Amanda Knox: Italy’s Highest Court Set To Deliver Verdict

ROME—Italy’s highest appeals court is expected to decide on Friday whether to uphold or overturn the conviction of Amanda Knox and her former boyfriend for the murder of British student Meredith Kercher in 2007.

The decision had been expected Wednesday but was postponed until Friday because of the time taken by the lawyers’ and the prosecutor’s statements during a morning hearing.

The court will hear the final statement by defense lawyers on Friday followed by deliberations behind close doors. A verdict is expected later in the day.

The court will decide whether to uphold last year’s convictions, which could confirm prison sentences on charges of murder and sexual assault for both Ms. Knox and Raffaele Sollecito, her former boyfriend.

Alternatively, it could overturn the previous guilty verdicts and order a new appeals trial. In a less likely scenario, it could also overturn the conviction and clear the pair of all charges.

The decision adds a new twist to a legal saga that has polarized public opinion on both sides of the Atlantic. The mystery surrounding Ms. Kercher’s death and the twists and turns of the subsequent trials have grabbed headlines around the world. Ms. Kercher, a student at the university in Perugia, was found partially clothed in a pool of blood in the apartment she shared with Ms. Knox in 2007.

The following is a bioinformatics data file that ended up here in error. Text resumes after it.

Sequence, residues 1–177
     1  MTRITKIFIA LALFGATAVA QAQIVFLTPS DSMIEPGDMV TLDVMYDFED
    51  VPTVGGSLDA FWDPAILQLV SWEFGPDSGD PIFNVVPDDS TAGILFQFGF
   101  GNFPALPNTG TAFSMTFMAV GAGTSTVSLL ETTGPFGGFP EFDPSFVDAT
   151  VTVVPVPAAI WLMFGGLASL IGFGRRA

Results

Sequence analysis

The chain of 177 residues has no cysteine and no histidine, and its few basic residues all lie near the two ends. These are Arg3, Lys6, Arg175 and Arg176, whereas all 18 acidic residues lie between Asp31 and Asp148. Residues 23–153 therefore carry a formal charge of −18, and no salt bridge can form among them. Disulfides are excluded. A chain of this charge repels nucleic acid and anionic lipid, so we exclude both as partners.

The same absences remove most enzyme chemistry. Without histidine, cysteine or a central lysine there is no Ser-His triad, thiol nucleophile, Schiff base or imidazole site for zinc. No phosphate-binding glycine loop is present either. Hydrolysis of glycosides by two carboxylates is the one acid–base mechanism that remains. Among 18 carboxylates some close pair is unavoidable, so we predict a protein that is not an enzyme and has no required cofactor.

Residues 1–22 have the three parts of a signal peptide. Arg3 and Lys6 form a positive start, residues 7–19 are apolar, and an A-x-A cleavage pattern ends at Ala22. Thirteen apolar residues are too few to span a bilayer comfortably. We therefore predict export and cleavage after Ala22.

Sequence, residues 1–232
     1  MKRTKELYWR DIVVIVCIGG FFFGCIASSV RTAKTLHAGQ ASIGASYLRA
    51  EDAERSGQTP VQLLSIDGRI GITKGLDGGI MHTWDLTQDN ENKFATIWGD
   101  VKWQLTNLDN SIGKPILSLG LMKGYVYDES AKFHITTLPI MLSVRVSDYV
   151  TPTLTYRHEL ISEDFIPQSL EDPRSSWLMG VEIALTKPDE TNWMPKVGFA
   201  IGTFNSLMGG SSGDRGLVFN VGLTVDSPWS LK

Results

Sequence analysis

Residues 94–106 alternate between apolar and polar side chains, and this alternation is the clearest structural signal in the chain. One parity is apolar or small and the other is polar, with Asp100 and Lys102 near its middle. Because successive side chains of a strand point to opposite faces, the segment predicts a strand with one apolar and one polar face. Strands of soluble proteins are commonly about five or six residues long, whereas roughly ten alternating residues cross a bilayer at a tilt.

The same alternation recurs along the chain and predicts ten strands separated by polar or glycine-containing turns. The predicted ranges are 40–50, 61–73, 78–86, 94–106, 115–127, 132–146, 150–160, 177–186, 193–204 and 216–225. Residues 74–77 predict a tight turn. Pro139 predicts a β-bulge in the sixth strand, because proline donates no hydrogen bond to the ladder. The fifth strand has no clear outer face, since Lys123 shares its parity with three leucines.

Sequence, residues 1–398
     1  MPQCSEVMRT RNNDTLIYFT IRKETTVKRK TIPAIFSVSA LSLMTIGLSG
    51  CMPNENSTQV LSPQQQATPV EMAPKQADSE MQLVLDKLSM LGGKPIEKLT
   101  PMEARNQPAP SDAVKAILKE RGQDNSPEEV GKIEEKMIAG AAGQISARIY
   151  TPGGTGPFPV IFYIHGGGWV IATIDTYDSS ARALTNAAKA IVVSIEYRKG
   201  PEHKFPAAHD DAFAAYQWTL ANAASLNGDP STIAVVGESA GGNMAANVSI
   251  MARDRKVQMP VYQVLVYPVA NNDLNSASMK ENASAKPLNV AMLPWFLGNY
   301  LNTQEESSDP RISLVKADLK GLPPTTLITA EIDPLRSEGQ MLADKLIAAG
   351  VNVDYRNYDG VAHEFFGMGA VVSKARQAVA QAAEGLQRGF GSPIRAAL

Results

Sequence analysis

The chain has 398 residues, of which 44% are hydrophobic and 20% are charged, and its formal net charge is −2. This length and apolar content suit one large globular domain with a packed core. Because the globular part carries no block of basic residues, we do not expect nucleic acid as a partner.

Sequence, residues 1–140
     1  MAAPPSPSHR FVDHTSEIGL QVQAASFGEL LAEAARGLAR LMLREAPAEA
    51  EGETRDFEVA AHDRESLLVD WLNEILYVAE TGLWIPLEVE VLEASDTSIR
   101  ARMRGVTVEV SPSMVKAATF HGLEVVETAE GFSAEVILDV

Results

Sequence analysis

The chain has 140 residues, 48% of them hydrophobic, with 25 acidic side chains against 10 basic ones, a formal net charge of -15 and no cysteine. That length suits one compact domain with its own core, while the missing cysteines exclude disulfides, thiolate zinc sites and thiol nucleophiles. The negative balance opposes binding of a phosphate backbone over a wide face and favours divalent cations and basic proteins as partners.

The 21-year-old had been stabbed multiple times and her throat slashed, with her body also showing signs of sexual assault, according to the prosecution.

Ms. Knox and Mr. Sollecito were subsequently arrested on suspicion that they had stabbed her to death during a sexual assault. Both have maintained their innocence.

In 2009, Ms. Knox and Mr. Sollecito were convicted of murder and sexual assault, but an appeals court overturned the ruling in 2011. Ms. Knox was freed after four years imprisonment and returned to Seattle, where she currently lives.

Then, in a surprise decision in March 2013, Italy’s highest appeals court ordered a retrial by a Florence appeals court, arguing that the reasoning behind the 2011 reversal had been contradictory.

In January 2014, the judges convicted them of murder and sexual assault and sentenced Mr. Sollecito to 25 years in prison and Ms. Knox to 28 years.

Eight years of twists in the case have raised questions about the credibility of Italy’s justice system. Some critics in the U.S. have blasted the handling of the case by Italian authorities, highlighting the multiple appeals and the retrial as emblematic of an intractable and unfair system.

Indeed, such issues could give rise to a battle over Ms. Knox’s extradition to Italy, if the court upholds her guilty conviction. Ms. Knox has publicly said that she would refuse to return willingly to Italy should it seek her extradition.

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